I’ve been searching for a good organic salsa in the jar for the past few weeks. The salsas I have been buying have lasted the entire week because they just didn’t totally make my taste buds happy. Until this week. I just went shopping on Friday night, and already I have almost devoured the entire jar of Enrico’s Organic Medium Salsa. I should have known to try Enrico’s in the first place because whenever I open a jar of Enrico’s spaghetti sauce for spaghetti squash I eat about 1/4 of the jar before the squash is done!
Enrico’s originated in Syracuse, NY and it is still being made in Syracuse, NY by the Ventre Packing Co. and is sold nationally and in some foreign countries. There was an Enrico’s restaurant in Syracuse for years. The restaurant actually came first, then the sauce. The history of Enrico’s Restaurant was found in the Syracuse Herald-American newspaper, Nov. 7, 1965.
BUSBOY TO BOSS
By Evelynne Kramer
When Tony Visciglio first started in the restaurant business, he had a beer and wine license and $122. That was 1933, and times were rough.
Today Visciglio is the owner of Enrico’s Restaurant at 2301 Midland Ave., and he is considered among Syracuse’s most successful businessmen.
He is also executive secretary of the Central New York Tavern Keepers Association and director of the National License Beverage Association.
Tony is a short man whose smile betrays both warmth and vitality. Perhaps these were two of the qualities that spiraled his career from a busboy in the former Plaza Restaurant on E. Onondaga street to restaurant owner.
Visciglio, his mother, and three sisters arrived in the “New World” in 1920, when Visciglio was nine years old. They had come to join his father, who had come to Syracuse several years before. The family originally was from Cosenzo, Italy.
Visciglio attended school in Syracuse until financial difficulties in his family forced him to leave after a year of high school.
“I had to quit,” Visciglio said. “My family needed the money.”
At 14 Viscilgio had his first part-time job, and this was an exciting, if not glamorous, experience, he recalls today. That same year, a “promotion” was in line for him. He went to work at the Onondaga Hotel. His job – putting butter on the restaurant tables.
He also worked as a busboy and a room service waiter, and eventually became captain of the busboys at the Onondaga.
In 1926, Visciglio went on to work for the Hotel Syracuse. “I was a dishwasher there,” Visciglio said. And then he laughed. “I’m still doing that today.”
The 1930s were hard years for many Americans and apparently they were hard times for young Visciglio and his family. “I was doing everything I could to help,” he said.
Then, finally, Visciglio got his first “break.” He bought the former N. State Street Restaurant. “I had a beer and wine license and $122. Liquor licenses were too expensive.”
Matty Quinn, owner of the Moore-Quinn Beverage Co., gave him some furniture and equipment, Visciglio said. “He was a friend.”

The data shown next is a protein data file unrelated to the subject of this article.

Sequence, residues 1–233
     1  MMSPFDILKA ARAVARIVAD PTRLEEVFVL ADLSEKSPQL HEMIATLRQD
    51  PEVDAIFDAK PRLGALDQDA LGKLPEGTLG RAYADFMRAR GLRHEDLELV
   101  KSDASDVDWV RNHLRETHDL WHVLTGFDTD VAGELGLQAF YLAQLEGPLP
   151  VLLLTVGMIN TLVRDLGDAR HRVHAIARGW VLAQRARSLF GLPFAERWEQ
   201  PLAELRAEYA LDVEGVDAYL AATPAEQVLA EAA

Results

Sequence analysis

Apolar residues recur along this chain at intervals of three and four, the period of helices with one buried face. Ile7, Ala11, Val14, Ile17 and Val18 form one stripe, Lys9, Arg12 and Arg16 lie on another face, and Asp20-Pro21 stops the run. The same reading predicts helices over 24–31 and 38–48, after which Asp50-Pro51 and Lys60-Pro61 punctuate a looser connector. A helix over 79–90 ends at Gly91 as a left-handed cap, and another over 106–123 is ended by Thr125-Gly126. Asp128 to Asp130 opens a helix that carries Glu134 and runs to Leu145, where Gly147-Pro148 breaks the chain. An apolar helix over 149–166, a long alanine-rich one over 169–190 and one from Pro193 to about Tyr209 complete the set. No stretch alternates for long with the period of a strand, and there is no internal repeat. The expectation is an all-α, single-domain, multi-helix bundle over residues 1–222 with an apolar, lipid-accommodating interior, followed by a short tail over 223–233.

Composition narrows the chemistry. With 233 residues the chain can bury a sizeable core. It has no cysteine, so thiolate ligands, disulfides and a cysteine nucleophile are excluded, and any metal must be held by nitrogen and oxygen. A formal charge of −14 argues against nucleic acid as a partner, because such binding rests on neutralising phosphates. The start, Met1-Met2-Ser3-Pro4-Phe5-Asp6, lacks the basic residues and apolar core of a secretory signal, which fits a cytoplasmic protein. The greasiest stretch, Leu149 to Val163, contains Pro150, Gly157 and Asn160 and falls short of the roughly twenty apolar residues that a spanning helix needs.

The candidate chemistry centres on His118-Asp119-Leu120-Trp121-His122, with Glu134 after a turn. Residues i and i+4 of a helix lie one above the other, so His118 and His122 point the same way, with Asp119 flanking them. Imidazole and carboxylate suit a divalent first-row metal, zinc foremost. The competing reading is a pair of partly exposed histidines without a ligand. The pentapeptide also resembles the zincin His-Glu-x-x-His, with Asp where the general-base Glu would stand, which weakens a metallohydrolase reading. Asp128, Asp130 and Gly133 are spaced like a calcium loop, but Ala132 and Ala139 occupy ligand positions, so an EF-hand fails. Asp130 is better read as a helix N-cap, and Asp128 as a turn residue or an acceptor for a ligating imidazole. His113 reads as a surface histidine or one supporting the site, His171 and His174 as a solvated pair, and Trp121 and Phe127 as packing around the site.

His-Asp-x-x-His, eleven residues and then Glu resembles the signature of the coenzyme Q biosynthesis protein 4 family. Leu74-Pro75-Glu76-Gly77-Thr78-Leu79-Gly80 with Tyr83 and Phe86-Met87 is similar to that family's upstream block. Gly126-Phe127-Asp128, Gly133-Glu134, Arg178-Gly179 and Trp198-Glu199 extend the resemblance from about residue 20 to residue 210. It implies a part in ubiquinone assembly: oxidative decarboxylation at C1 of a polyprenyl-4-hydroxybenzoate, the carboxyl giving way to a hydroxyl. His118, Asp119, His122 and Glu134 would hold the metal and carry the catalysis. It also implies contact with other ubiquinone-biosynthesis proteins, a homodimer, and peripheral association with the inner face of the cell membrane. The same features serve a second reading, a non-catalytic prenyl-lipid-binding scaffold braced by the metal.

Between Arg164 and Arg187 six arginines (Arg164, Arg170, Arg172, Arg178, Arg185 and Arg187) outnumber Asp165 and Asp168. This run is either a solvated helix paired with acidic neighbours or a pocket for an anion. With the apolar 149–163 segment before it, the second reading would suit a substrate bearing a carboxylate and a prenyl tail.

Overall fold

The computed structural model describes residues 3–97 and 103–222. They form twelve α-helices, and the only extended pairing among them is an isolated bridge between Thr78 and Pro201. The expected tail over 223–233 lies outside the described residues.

After selling the N. State Street Restaurant in 1934, Visciglio bought the former Lincoln Inn on Schuler street.
A year later, he became the owner of the first “Enrico’s” restaurant at 2222 Midland Ave. That Midland avenue address remained the home of “Enrico’s until 1940, when Visciglio moved his business to its present address.
Looking back over his career, Visiglio thinks his success can be attributed in part to his family. “My wife worked with me for a long time,” he remarked.
The Visciglio’s have two children: Linda, 18, a college student: and Anthony Jr., 14.
Visciglio’s hobbies-keeping his customers happy and helping others in any way he can.
I remember going to Enrico’s restaurant at 2301 Midland Ave. when I was in high school and it was yummy!
The mural that decorated the interior of Enrico’s restaurant (not shown on the postcard, unfortunately) was done by Syracuse-born artist Aldo Tambellini. As of 2006, the mural was in storage near Hartford, CT. Enrico’s was at the corner of Midland Ave. and W. Newell St. and when Anthony and Bessie Visciglio retired in 1986 the building remained empty. The brick building, built in 1923 by the Kenyon family, was first a department store (a 1929 city directory showed it to be the site of Albert S. Kenyon’s dry goods store), then an insurance agency and a supermarket. The Visciglios bought it in 1942 and the six adjacent lots for parking. All were sold to the city. The building was demolished in September of 1994.
History of the bottling of Enrico’s Spaghetti Sauce. John Ventre, Jr., Tony Visciglio’s brother-in-law, cooked the first batches of Enrico’s sauce in the basement of the restaurant in 1938 after realizing people wanted to take the sauce home with them. One source said the recipe came from Tony Visciglio, another source said it came from John Ventre. The name Enrico’s came from John’s grandfather Enrico. John Ventre, Jr. invented the process of filling hot spaghetti sauce into a jar and sealing it. People used to place all of the ingredients in a can and put the can in boiling water. The Ventre Packing Co. is located at 6050 Court St in DeWitt. Mmmmm, I’ll be buying not only Enrico’s Spaghetti Sauce, but now Enrico’s Salsa, mmmmm!
The Post-Standard, Syracuse, NY, Sunday, March 8, 1953, pg. 36
Syracuse Herald-American, Busboy to Boss, Nov. 7, 1965
The Post-Standard, Neighbors Section, Page 4-City, July 28, 1994
Syracuse Herald-Journal, Metro B-1, Dick Case: Tony’s Place, Monday, April 11, 1994
Syracuse Herald-Journal, Old Enrico’s restaurant to be demolished today, Sept 22, 1994
Syracuse Herald American, Sunday, October 23, 1994, pg. AA4
The Post-Standard, Stars, Also is Back . . . Again!, Sunday, April 2, 2006, pg. 27
The Post-Standard, Saturday, Syracuse man who founded Enrico’s dies, August 5, 2006, pg. B-2